Unfortunately, the residents of Shechem did not appreciate what Jacob had done, and failed to learn from his deeds and his example. Instead of seeing the goodness in Jacob’s household, the people of Shechem focused their lecherous gaze elsewhere–on Jacob’s beautiful daughter, Dinah. As soon as the people saw the beautiful girl in Shechem, they reported it to Shechem, their leader (his name was the same as the city’s name). As we had already learned from Abraham’s sojourn in Egypt and from Isaac’s stay in Gerar, it was often the custom of the king or the leader, to “test” any recently-arrived female visitor. Shechem therefore abducts Dinah to test the new arrival.

What then could possibly be the point of this intriguing Midrash that focuses on Jacob’s singular contributions to Shechem? Could it be that the rabbis were uncomfortable with any negative portrayal of Jacob and his family? That a Jew had come in to Shechem, had bought substantial real estate, exploited the people, and not made any significant contribution to the people? Is the purpose of the Midrash to simply portray Jews as great contributors to the local culture and welfare? Could it be that the Midrash was just trying to inject a dose of reality into the narrative? After all, it is quite common that, when Jews arrive in a city, they soon become successful merchants, prosperous boutique owners, builders of malls and supermarkets. Is it possibly due to the fact that the rabbis were truly uncomfortable with the murder of all the men in Shechem and scriptures’ subsequent support of that act?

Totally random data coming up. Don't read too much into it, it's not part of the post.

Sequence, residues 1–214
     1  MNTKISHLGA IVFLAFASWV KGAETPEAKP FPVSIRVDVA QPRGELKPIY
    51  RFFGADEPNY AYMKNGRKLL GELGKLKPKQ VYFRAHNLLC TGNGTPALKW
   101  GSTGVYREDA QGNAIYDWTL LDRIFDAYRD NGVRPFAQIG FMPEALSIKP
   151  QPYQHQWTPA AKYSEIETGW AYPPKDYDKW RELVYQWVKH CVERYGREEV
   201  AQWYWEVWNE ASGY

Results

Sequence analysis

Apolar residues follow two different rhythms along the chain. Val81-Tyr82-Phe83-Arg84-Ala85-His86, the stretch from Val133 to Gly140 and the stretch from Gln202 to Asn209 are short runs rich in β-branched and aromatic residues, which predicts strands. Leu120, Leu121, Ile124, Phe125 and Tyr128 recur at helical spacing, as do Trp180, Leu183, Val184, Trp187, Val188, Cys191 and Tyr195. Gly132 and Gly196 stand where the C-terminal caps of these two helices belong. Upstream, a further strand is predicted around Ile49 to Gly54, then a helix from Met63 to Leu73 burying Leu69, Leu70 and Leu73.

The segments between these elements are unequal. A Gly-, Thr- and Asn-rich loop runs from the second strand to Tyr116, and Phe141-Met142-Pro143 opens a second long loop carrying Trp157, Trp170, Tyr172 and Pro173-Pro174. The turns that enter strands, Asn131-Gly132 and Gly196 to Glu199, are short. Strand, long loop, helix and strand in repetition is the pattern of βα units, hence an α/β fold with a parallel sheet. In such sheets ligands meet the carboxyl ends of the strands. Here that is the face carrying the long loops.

The Midrash, in fact, attempts to emphasize the great efforts that Jacob and his sons made to civilize and humanize the local Shechemites, but to no avail. All of Jacob’s efforts seem to have fallen on deaf ears, having little or no impact on the people’s sense of morality. The people of Shechem have no interest in what the stranger wants to give to them. They are far more interested in what there is to take from the stranger. Perhaps, the Midrashic background is really the beginning of the rabbis’ justification for the attacks that were later made on the Canaanite nations in the time of Joshua. Less than 300 years later, Joshua was to lead the Israelites into the land of Canaan and declare war on all the local people who refuse to abide by the Noachide principles. Without the contextual setting of Shechem, these attacks would be totally uncomprehensible.

The Jews’ arrival and integration in to an established culture is never a simple matter. When the local culture is completely antithetical to Torah values, efforts may be made to influence the local citizens and to inspire them to lead lives of greater morality. However, if the decadent culture is deeply entrenched, efforts at reform are not at all likely to succeed.

Jacob’s sojourn in Shechem has much to teach us about contemporary living conditions for Jews, not only in galut, in the diaspora, but also in Israel. We must heed the lessons that are being taught to us by the ancient events in Shechem.

May you be blessed.